Sam takes his job seriously. He is our flockster, in charge of chickens. The chickens provide affection, drama, intrigue, and comic relief. Sam has conditioned them to enjoy petting and holding and, in the case of the Silkies, to tolerate being stuffed up his shirt to peek out at under his chin.
Feeding and watering them is a team effort, but Sam spearheads the latest task: egg collection. Our hens have been earning their keep this summer by providing hours of entertainment for our kids. Now, they’ve added to their job description. Blue-green and light brown eggs have begun to appear in our freshly hay-bedded nesting boxes. Mostly no longer than my pinky, these are eggs from teenagers, just practicing for adulthood.
The chickens roam within an electro-net fence during the day, scratching and rolling upside-down for dust baths. They siesta in the shade of two trees in their enclosure. At dusk, they meander into their moveable chicken tractor, roosting safely for the night.
Ever since we ate the last roosters for supper, life has been peaceful among our young hens. It was my fault that any roosters remained beyond chicken butchering day. I let romantic notions override my general rule: No intact, non-human male animals on the property. The roosters were beginning to crow, which added to the farm ambiance. They were becoming handsome, especially the largest one.
We could just keep one of the five roosters, I thought. One rooster would surely settle into his role and act sensibly. He might even help to protect the hens. Out loud, I accidentally said, “We could name that big guy Fezzik.”
There. When butchering day came, we had to carefully avoid Fezzik, named for the endearing giant in The Princess Bride, and therefore special. Within a few weeks, though, Fezzik was plucking our hens’ back feathers and dragging them around by the neck. This behavior took the shine right off him. I cannot abide a bully.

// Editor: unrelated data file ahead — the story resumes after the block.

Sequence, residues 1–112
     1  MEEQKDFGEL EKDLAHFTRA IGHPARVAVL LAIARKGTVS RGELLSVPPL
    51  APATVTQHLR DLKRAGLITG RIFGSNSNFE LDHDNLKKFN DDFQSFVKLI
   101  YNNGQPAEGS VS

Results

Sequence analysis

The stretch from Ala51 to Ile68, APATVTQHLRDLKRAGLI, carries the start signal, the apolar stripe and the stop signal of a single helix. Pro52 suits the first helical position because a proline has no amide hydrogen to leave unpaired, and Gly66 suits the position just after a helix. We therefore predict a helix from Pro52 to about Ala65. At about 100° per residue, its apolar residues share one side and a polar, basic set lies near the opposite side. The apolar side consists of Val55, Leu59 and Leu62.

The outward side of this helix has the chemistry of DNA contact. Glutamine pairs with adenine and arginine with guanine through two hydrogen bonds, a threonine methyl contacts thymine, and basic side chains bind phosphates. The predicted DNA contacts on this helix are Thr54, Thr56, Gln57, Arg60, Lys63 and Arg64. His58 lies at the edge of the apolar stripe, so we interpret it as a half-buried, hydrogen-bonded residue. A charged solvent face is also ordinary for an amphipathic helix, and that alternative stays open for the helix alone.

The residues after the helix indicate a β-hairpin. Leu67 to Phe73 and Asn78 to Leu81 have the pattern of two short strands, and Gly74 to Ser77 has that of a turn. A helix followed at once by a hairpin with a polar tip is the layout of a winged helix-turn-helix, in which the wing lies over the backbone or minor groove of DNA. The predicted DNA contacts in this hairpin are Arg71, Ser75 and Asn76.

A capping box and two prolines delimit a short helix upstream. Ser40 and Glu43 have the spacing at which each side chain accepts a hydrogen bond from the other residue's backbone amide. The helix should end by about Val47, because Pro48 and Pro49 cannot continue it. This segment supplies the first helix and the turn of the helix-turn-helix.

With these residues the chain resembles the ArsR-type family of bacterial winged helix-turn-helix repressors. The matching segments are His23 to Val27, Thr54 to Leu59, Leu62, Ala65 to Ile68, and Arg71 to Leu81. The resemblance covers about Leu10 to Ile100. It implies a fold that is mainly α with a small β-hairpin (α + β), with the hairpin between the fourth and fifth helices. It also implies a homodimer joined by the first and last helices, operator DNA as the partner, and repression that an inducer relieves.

Neither can Sam. He spent hours stalking around after Fezzik, chasing him away from the hens, sometimes shaking his fist. One day, after hearing a hen yell, but not seeing which one had been attacked, Sam rushed me over to examine each hen, searching for the victim. He brought them to me, one by one, until I found a broken, bleeding neck feather. More fist shaking and angry reprimands ensued.
Then we switched tactics. We thanked Fezzik for growing so large, then excused him from the flock. We invited the neighbors that day and grilled the freshest, best-tasting chicken we’d ever had. The next day, we relished new, contented sounds from the chicken yard—croons and clucks, without the terrified squawking.
Few delights compare with a flock of cared-for animals making happy noises while running towards you. For a sensitive, five-year-old boy—squatting to receive his flock in open arms—this moment signals acceptance. It affirms his much-practiced gentle touch and soft voice. These skittish creatures have learned to trust him. He feels the strength that comes in tenderness, the power to draw an animal towards you because you are kind.